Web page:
Director – Thomas R. Rondinella (Scrappers, A Girls’ Guide to Sex)
Starring – Robert North, Jeremy Whelan (The Beastmaster, Hot Splash), and Victoria Scott (Kingpin)
Release Date – 1989
Blu Release – 3.5/5
Many years ago I started collecting Troma. This was years before I started with companies like Blue Underground, Vinegar Syndrome, and Wild Eye. Troma, along with Full Moon, was one of my first loves within the genre and over the years I’ve collected VHS, DVD, UMD, and and now blus from them. I fucking love Troma and over the years I’ve found numerous gems among their catalogue.
When Vin Syn announced that 1989’s Blades was among their newest batch of releases I couldn’t order it fast enough. I love when Vin Syn and Troma partner together for a release and I’m always looking for another reason to revisit a Troma flick. I wasn’t able to actually watch it when it was released but after spending some time with several Vin Syn partner labels I decided it was time to revisit this odd supernatural slasher.
**Spoiler Alert** The film follows a country club who hires a new pro to look over the golf course as a new charity event is coming up. However, he picks a horrible time to join the team as bodies start to appear on the various holes on the course. The bodies are horribly mangled and the owner wants the police to catch the killer as quick as possible without drawing too much attention to the bloodshed. They soon arrest a disgruntled former employee but when the bodies continue to pile up while he is in jail they are forced to release him. He partners with them and they hunt down the real killer… his deceased father’s lawn tractor. **Spoiler Alert**
Blades is an odd film to say the least. It’s not a bad film but it struggles with it’s own identity. It’s a movie that tries to take itself seriously but the plot and characters are so absurd that they just don’t work. It struggles with the tone of the film but I always found it fun regardless.
The acting in this one is surprisingly well done. The cast is a little stiff at times but I always found the characters to be rather charming especially when you compare it to other slashers from the same time. Most of the film’s stars lacked on camera experience but that didn’t stop them from delivering memorable performances. With that being said, Jeremy Whelan was the highlight of the film and one of the few cast members with other credits under their name on imdb.com.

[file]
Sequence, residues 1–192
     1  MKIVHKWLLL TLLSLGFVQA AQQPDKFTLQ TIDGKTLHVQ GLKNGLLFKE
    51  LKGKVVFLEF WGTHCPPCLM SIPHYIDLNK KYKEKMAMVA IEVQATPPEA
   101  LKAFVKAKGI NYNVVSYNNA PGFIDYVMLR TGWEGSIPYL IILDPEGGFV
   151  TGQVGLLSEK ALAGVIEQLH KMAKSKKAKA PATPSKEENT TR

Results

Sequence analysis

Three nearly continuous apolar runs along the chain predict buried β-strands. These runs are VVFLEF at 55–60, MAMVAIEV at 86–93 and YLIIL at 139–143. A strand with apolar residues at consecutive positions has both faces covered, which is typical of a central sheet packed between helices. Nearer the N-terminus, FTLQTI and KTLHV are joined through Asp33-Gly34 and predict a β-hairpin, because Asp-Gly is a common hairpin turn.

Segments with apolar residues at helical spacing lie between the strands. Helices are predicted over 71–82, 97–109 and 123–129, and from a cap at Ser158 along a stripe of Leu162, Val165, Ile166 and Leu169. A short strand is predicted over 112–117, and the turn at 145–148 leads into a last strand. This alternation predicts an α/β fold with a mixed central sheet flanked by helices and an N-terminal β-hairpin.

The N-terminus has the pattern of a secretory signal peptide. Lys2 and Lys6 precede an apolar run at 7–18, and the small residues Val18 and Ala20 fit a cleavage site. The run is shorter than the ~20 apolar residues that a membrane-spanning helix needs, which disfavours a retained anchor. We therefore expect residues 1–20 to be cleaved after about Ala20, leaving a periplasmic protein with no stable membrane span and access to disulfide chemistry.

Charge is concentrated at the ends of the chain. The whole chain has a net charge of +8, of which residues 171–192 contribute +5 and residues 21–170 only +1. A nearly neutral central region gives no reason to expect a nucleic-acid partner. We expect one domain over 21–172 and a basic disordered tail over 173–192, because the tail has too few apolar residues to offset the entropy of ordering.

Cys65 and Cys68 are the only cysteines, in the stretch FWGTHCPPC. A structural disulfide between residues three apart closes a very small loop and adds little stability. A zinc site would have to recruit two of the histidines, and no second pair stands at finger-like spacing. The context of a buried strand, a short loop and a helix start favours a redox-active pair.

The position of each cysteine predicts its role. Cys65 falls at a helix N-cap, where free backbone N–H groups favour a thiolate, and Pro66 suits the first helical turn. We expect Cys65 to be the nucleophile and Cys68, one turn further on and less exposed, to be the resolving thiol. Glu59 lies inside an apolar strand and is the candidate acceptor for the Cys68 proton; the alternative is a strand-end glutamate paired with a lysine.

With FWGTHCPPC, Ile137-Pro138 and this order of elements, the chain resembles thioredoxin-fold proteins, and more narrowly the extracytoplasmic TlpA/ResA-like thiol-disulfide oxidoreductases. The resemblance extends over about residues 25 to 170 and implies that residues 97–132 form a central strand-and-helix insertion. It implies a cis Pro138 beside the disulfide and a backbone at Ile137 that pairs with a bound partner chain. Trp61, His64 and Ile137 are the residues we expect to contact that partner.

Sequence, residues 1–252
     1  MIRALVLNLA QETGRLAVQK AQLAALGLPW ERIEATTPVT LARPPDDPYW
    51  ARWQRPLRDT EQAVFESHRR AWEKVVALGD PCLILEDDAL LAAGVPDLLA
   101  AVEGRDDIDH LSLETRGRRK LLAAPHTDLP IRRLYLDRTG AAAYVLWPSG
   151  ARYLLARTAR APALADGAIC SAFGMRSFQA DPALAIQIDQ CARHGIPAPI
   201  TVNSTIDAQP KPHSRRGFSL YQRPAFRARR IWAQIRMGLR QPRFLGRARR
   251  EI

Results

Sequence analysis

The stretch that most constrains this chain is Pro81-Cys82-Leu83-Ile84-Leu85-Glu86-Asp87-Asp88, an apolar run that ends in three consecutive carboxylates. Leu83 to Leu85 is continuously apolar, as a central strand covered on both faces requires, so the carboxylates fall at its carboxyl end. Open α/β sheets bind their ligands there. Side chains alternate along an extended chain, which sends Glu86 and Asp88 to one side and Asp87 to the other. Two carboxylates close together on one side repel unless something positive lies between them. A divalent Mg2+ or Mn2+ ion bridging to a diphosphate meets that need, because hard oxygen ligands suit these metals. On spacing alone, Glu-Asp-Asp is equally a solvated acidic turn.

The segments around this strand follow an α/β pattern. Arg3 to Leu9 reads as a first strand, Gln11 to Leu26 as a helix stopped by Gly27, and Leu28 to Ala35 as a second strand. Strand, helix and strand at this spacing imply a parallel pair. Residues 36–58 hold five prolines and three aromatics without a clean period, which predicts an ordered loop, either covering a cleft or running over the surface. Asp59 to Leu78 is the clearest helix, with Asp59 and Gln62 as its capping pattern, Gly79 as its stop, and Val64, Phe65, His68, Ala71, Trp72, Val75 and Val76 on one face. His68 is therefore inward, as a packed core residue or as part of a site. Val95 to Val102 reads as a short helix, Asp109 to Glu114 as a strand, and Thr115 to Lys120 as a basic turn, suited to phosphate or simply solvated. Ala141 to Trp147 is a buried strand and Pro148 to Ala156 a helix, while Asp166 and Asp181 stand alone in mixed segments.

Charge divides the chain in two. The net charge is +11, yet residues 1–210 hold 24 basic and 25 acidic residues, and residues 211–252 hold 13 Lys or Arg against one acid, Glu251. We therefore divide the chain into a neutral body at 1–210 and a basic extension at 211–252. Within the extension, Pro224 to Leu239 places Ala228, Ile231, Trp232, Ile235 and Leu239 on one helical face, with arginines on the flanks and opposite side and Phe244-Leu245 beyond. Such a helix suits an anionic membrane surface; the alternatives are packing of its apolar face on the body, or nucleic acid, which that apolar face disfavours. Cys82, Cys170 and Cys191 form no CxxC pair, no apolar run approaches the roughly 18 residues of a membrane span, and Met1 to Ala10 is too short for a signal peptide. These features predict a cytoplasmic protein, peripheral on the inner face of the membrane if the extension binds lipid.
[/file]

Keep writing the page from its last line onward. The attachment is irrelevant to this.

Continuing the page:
The story for this one using the traditional formula that made slashers from the golden age so entertaining. It’s a murder whodunit that leaves the viewer guessing who the real killer is. However, instead of a masked killer that was wronged we have an inanimate object that was replaced and now seeks revenge. It’s a story that could be overflowing with humor when you consider what is killing but the fact that the film is serious and grounded it feels extremely uneven. Honestly, it feels like a missed opportunity.
Finally, the film doesn’t really deliver on the deaths. We get the after math with some body parts and blood but that is the extent of it. It is a bit disappointing in terms of deaths because this is what makes slashers so much fun. Overall, Blades is an usual film that I enjoy but I know a lot of other genre fans will not. I like the story and the cast but I am always bummed by the lack of fun kills with some decent gore. It’s a great watch and the Vin Syn release is a must for collectors. Check it out.
Region Free Blu-ray
Newly scanned & restored in 2k from its 35mm original camera negative
Commentary track with director Thomas R. Rondinella and writer William R. Pace
“Fore Warning” – a making-of documentary featuring interviews with the cast and crew
Reversible cover artwork
English SDH subtitles